Defense Secretary Ashton Carter echoed the warnings Wednesday of Air Force leaders who have described projected budget cuts as devastating to a service that was already operating at the "ragged edge" of readiness.
"With only 14 days remaining in this fiscal year, Congress has yet to pass appropriations bills that will appropriately fund the government for the coming year," he said in prepared remarks.
Without a deal to end automatic spending caps known as sequestration, the military will end up with $38 million less than President Obama has proposed, Carter said.
Air Force Secretary Deborah Lee James told defense reporters Tuesday that the Air Force would take a $13 billion hit. Air Force Gen. Herbert J. "Hawk" Carlisle, head of the Air Combat Command, said that the force was already on the "ragged edge."
A continuing resolution on the budget to keep spending at current levels, often a fallback measure employed by a gridlocked Congress, would be equally bad, Carter said.
In an address to the Air and Space Conference organized by the Air Force Association, Carter said that the projected cuts would undermine the theme of the three-day event at National Harbor, Maryland, which was "Re-inventing the Aerospace Nation."
"Yet again, we face the real risk that political gridlock will hold us back" on a range of programs, the secretary said. "The alternative to a budget deal, a long-term continuing resolution, is merely sequestration-level funding under another name."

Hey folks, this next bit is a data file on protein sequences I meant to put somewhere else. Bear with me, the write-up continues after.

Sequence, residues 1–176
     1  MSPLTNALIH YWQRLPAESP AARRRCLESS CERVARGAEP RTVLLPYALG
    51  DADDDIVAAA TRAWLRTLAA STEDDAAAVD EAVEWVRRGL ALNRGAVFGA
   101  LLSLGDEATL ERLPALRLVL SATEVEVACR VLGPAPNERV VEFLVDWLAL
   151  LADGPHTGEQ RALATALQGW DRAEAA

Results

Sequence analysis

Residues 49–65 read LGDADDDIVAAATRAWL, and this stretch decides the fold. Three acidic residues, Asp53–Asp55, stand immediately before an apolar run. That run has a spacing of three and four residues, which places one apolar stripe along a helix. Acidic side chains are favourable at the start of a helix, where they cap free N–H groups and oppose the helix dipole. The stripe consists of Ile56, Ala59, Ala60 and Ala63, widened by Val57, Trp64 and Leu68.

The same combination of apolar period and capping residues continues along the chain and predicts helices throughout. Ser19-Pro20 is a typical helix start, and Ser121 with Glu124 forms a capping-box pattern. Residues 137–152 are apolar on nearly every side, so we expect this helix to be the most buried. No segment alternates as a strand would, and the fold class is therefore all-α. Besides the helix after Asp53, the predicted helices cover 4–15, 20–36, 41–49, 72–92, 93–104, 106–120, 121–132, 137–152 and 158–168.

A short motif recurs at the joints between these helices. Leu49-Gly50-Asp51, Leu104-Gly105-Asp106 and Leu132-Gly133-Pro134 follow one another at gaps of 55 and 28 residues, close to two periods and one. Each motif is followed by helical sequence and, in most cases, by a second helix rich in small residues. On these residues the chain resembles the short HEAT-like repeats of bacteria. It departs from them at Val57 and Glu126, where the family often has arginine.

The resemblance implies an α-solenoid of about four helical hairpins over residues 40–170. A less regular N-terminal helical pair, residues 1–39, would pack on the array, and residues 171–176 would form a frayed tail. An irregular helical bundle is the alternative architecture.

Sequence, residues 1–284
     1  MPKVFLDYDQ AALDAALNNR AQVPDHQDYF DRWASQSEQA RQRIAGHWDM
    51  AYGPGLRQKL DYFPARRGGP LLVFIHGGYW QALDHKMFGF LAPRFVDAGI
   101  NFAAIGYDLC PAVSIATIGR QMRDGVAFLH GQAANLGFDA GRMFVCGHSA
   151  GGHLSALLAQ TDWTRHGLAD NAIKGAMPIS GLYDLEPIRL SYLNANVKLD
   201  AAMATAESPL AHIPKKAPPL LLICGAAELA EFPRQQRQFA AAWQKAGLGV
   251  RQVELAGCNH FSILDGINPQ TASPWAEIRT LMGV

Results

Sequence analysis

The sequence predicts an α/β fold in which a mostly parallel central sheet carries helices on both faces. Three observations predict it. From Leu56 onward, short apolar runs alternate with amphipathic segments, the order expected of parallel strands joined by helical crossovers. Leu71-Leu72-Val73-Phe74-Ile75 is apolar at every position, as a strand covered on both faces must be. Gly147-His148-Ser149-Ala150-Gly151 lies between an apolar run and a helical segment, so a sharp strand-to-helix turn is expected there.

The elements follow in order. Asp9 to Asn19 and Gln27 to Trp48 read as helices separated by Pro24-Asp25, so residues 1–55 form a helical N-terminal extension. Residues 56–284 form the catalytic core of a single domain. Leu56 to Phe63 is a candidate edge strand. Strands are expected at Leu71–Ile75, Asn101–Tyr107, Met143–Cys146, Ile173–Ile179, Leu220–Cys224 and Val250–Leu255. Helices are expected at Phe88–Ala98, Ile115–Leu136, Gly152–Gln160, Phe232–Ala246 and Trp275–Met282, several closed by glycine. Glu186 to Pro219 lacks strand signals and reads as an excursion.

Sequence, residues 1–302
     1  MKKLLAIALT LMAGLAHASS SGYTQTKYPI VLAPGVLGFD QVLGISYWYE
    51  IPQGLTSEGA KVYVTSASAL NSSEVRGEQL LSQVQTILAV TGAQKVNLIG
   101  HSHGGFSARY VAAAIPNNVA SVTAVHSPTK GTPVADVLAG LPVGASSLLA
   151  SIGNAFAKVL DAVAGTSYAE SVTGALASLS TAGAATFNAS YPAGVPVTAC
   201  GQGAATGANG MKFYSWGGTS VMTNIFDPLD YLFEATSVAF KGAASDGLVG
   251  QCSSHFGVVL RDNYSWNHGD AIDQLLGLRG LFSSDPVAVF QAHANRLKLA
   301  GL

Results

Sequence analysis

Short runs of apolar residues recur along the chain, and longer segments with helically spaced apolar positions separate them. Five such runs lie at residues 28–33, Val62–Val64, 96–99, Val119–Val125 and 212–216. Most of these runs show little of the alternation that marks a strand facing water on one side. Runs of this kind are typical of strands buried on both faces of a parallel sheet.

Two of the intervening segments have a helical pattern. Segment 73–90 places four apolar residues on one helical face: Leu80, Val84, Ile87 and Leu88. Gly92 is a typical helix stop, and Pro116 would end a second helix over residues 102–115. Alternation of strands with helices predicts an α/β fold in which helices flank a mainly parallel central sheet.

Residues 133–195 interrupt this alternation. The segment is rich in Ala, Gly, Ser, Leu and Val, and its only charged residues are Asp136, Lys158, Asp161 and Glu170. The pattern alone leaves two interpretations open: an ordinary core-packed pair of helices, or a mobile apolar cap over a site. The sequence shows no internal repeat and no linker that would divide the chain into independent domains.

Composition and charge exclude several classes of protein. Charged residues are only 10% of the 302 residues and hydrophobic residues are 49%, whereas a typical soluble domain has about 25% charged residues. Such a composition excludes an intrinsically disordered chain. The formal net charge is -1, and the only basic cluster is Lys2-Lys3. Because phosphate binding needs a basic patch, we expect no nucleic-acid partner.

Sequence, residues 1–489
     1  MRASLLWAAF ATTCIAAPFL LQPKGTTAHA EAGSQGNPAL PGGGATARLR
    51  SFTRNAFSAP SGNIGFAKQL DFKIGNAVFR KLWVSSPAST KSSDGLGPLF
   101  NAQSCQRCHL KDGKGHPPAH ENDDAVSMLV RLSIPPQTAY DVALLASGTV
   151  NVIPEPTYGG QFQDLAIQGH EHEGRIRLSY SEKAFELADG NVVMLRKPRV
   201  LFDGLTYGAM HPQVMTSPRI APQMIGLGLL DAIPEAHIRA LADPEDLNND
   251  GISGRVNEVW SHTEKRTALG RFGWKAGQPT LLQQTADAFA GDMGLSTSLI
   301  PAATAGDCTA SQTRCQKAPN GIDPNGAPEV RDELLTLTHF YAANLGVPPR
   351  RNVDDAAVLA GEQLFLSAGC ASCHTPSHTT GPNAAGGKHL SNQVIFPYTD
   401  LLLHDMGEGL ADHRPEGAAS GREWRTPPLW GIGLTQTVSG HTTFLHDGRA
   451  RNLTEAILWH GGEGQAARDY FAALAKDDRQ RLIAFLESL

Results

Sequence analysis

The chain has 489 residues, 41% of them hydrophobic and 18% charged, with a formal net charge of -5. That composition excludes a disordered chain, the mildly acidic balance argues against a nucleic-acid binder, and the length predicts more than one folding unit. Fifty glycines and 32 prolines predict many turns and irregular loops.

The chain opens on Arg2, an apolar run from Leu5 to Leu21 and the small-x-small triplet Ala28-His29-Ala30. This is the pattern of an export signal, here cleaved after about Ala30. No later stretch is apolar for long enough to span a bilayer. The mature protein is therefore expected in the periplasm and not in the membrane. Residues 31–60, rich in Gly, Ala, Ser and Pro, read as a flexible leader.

The Pentagon "has done its best to manage through budget uncertainty in recent years, making difficult choices and tradeoffs among the size, capabilities, and readiness of the joint force." However, "over that time, Russia and China have advanced their capabilities."
Carter noted China's efforts to turn submerged reefs in the South China Sea into airfields and military bases to bolster sovereignty claims in the region. Despite the budget cuts, the Air Force was going ahead with the transfer of "high-end assets" to the region to counter China as part of the rebalance of forces to the Asia-Pacific, he said.
"After all, turning an underwater rock into an airfield simply does not afford the rights of sovereignty or permit restrictions on international air or maritime transit," Carter said.
"There should be no mistake: the United States will fly, sail, and operate wherever international law allows, as U.S. forces do all over the world," he said.
--Richard Sisk can be reached at Richard.Sisk@military.com